1. Skype meeting with two of them, which followed to
  2. Introducing me to their professional web network – where members are allowed to join only by invitation
  3. Connections with other specialists in the field
  4. Volunteer options in some of their companies
  5. Incredible source of professionals and their expertise – only by reading their biographies, “About” sections of their companies’ websites or
  6. Points of contact at any time for information about the research or opportunities

All of these connections happened in last couple of months, through LinkedIn. Most of the people, no matter how successful they are, will be more than happy to respond to email written by a student who wants to learn from them. For these accomplished professionals, it is almost an honour to hear that their work is actually beneficial and interesting to others. Most of all, they just naturally behave like mentors to younger professionals or students.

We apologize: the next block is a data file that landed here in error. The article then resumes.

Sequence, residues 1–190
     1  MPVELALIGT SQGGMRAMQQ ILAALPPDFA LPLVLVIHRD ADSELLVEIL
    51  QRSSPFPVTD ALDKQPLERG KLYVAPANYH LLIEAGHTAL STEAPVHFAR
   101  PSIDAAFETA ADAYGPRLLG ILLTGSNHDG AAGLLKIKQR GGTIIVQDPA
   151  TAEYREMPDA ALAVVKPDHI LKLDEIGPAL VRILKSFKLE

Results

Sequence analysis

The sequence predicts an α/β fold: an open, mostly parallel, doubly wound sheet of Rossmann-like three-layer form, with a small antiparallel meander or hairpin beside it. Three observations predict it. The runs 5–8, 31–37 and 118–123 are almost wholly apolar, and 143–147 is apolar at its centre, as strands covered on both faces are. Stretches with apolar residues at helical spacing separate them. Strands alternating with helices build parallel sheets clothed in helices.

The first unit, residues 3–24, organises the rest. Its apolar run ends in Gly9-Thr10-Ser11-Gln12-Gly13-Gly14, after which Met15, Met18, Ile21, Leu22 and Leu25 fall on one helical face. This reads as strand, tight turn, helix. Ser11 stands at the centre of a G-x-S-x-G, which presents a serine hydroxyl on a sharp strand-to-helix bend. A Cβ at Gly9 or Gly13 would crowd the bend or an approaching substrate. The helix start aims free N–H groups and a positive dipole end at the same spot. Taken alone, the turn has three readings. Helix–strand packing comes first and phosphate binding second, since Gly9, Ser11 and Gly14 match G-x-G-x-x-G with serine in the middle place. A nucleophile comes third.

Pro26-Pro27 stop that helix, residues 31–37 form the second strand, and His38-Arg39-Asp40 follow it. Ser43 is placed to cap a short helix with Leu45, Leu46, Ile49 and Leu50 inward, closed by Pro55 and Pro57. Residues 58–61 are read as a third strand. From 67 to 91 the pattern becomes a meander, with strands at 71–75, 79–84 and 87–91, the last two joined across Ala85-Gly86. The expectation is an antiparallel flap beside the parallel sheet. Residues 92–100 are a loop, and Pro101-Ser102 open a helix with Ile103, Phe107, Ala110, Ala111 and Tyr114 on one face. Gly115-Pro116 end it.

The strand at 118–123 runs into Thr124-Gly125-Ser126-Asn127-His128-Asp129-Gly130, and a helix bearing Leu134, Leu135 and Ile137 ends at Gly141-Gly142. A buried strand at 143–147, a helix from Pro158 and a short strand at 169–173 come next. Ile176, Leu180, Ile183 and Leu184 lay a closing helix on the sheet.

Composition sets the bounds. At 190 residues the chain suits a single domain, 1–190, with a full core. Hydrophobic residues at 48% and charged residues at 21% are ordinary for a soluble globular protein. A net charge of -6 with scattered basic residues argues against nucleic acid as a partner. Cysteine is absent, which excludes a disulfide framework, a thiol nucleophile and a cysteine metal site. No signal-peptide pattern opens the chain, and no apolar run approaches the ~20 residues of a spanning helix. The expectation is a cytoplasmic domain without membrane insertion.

Today, even before the official start of my course, I feel that I have a strong professional network that can support me in my course. All I needed for that was proactive idea, copy-paste two-sentenced introduction email, and a humble learning attitude.

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7 Things you should probably do before starting your PhD

It is still a blessed summer time, so we have less then two months before our lives changes forever as we enrol into PhD course, which will take at least three years of our lives. So…what should we do before getting ourselves into the PhD adventure? How to use the summer vacation prior your PhD?


♯1 Read a book

OK…it doesn’t sound very romantic, I agree, as we know that at least 80% of our PhD activities will be – reading books. However, there is a huge difference in reading a book for fun and reading for academic purposes. Reading for fun would probably mean reading an interesting novel, or adventurous book, or anything that we really enjoy and can relax with. Reading for academic purposes, on the other hand, means skimming quickly through the content, couple of paragraphs to see do we actually want to invest next 30min in reading the book. Academic reading usually can’t be connected with reading on the beach while drinking a nice cocktail. It is mostly followed by writing notes from the book and thinking where it could match in our research.So…..take a nice book, find a relaxing place……and just enjoy it!